Termite Training.

first_imgLively DiscussionThis training’s final exam sparked some lively debate between operators and inspectors.”We’re not through yet,” said one inspector.”I feel like we’re playing survivor here,” said a pest control technician.”We are,” the inspector replied.”It’s kind of a marriage,” Chase said, “of (operators and inspectors) who at times can be at odds.”Improving Termite Control”I think it allows them to better treat the typical Georgian’s home,” said Suiter, who fielded the questions that emerged from the class’s final assignment.The Department of Agriculture, UGA CAES and U.S. Environmental Protection Agency sponsor the training facility. More than 300 pest control operators and inspectors have trained at the unique center since it opened in July 1998. They, in turn, train their co-workers back home.”I’ll take the time out now to look at a fireplace a lot differently every time I go up to one,” said Chase at the end of the session. When it comes to protecting their homes against termites, consumers want to know if they get the protection they pay for.One way to help ease consumers’ concerns is to teach pest control operators, and the people who regulate them, the latestand most effective, environmentally friendly ways to protect houses. Posing for a class picture are 13 of the more than 300 pest control operators who have trained at the Georgia Structural Pest Control Training Center in Griffin, Ga. Photo: Joe Courson In one Griffin, Ga., site, pest control operators can test termite-control skills on foundations built from every type of material used in Georgia. “One, two, three, go get ’em,” said Dan Suiter as he took a picture of one of the University of Georgia’s quarterly classes of termite killers.Final ExamSuiter, a UGA Extension Service entomologist and an expert on controlling termites, directed the class to an odd-looking house foundation nearby for their final assignment.It sounded easy enough: Treat the walls of a typical house for termites, something Curley Chase has done day in and day out for 32 years. “It’s easy until you’ve got the boss looking over your shoulder,” Chase said.The “boss” is Meredith Harr, one of the Georgia Department of Agriculture’s 22 termite inspectors. She and the other inspectors follow up on 1,900 consumer complaints each year.”This is the kind of stuff we’ve got to check behind these guys on,” Harr said.Versatile Training CenterThe training is especially effective because the Georgia Structural Pest Control Training Center includes a home foundation built from every type of material used to build Georgia homes.From stucco to block to brick to poured foundation, they’re all available at the training center on the Griffin, Ga., campus of the UGA College of Agricultural and Environmental Sciences.”It allows that technician to get out here and envision what is behind that wall, what might be behind that brick facade,” Suiter said. Photo: Joe Coursonlast_img read more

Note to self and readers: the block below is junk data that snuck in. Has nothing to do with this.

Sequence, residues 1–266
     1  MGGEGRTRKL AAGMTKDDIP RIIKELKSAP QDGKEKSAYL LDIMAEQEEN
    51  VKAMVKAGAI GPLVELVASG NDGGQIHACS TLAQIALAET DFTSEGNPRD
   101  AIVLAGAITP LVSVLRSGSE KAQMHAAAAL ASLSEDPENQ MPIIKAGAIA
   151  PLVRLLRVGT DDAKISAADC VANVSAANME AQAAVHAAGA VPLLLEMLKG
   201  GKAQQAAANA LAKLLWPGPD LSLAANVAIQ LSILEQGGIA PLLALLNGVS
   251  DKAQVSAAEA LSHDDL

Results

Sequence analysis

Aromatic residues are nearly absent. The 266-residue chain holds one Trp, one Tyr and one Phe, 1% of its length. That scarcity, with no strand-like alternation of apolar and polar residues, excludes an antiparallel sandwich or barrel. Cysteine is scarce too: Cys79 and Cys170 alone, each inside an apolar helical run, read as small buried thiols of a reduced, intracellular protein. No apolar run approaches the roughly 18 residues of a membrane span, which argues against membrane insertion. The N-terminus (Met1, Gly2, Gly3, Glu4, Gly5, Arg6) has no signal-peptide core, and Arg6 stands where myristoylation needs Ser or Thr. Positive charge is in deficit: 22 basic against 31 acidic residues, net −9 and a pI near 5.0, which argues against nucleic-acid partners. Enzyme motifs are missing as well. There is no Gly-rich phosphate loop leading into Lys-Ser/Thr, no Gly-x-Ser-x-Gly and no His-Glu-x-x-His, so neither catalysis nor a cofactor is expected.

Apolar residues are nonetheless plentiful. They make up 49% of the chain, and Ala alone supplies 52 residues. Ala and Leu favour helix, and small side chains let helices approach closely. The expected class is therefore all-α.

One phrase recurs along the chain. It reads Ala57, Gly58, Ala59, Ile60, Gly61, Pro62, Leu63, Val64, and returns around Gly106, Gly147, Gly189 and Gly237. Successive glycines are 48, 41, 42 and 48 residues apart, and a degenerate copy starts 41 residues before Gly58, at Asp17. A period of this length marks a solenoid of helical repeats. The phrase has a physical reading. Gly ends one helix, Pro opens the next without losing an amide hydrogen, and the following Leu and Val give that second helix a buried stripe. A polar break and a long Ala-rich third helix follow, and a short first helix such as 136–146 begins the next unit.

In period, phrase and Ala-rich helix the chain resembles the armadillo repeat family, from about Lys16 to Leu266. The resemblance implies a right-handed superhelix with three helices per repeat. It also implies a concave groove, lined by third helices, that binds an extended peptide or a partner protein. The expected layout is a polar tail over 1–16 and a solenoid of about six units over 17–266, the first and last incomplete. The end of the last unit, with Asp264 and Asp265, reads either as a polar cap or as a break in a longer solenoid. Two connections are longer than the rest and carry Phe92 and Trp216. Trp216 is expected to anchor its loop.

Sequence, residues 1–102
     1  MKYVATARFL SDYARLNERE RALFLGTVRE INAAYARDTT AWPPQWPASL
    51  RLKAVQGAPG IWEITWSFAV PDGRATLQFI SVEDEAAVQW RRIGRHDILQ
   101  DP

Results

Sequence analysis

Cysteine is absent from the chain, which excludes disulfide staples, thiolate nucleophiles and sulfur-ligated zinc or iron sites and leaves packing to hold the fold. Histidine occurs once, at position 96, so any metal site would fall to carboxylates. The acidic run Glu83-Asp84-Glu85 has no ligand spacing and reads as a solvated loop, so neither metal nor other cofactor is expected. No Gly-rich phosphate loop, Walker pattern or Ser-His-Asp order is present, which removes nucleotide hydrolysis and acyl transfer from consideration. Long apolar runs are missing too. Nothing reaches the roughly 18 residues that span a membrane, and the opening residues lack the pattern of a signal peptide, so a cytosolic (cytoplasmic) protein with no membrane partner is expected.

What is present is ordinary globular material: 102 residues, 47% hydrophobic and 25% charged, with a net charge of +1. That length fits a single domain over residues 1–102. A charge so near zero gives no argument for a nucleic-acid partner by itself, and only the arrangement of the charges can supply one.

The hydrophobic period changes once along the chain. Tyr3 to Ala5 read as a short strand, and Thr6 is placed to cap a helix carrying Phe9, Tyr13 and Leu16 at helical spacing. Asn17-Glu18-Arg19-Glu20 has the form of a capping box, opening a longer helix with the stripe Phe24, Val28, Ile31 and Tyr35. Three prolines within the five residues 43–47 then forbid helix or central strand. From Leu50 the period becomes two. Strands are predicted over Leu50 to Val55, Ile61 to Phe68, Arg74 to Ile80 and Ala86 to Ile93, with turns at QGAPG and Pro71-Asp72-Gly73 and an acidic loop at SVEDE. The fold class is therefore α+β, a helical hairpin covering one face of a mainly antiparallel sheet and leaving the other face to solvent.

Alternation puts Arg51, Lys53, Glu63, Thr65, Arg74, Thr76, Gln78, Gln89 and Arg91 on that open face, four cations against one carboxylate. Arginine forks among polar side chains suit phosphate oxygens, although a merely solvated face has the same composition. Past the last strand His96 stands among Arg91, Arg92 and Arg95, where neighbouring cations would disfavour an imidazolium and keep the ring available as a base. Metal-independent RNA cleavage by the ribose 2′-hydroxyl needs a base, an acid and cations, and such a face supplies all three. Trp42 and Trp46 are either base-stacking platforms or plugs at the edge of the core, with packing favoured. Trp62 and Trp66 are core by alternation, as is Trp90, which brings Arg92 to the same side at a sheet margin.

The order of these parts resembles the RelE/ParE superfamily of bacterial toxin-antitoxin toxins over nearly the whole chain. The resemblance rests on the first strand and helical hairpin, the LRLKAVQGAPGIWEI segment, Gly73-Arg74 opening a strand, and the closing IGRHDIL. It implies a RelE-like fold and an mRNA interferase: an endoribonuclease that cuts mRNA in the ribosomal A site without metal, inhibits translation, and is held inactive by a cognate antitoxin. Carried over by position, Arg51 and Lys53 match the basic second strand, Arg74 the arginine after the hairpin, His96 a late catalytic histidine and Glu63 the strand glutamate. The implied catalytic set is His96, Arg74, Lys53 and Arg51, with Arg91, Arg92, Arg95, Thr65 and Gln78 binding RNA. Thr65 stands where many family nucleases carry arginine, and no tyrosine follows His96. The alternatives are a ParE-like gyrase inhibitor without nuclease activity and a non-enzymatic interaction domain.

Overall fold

First Lady’s visit to Vermont military families video on vpt.org

first_imgVermont Public Television covered the visit by First Lady Michelle Obama to the Vermont National Guard on Thursday afternoon, June 30, and has posted video of it on http://www.vpt.org/(link is external).The 24-minute video includes a welcome from Major General Michael Dubie, who introduced Marcelle Leahy.  Mrs. Leahy introduced the First Lady, who thanked the service members and their families gathered at the Aviation Support Facility in South Burlington.  She praised the work of Guard members at home and overseas.At the event, she also talked about the Joining Forces initiative to support military families and veterans that she and Jill Biden lead.  She highlighted efforts of Vermonters to support the troops and their families, including the work of people in Hyde Park, to help a wounded veteran.  She encouraged others to volunteer, saying, ‘No one can do everything, but everyone can do something.’last_img read more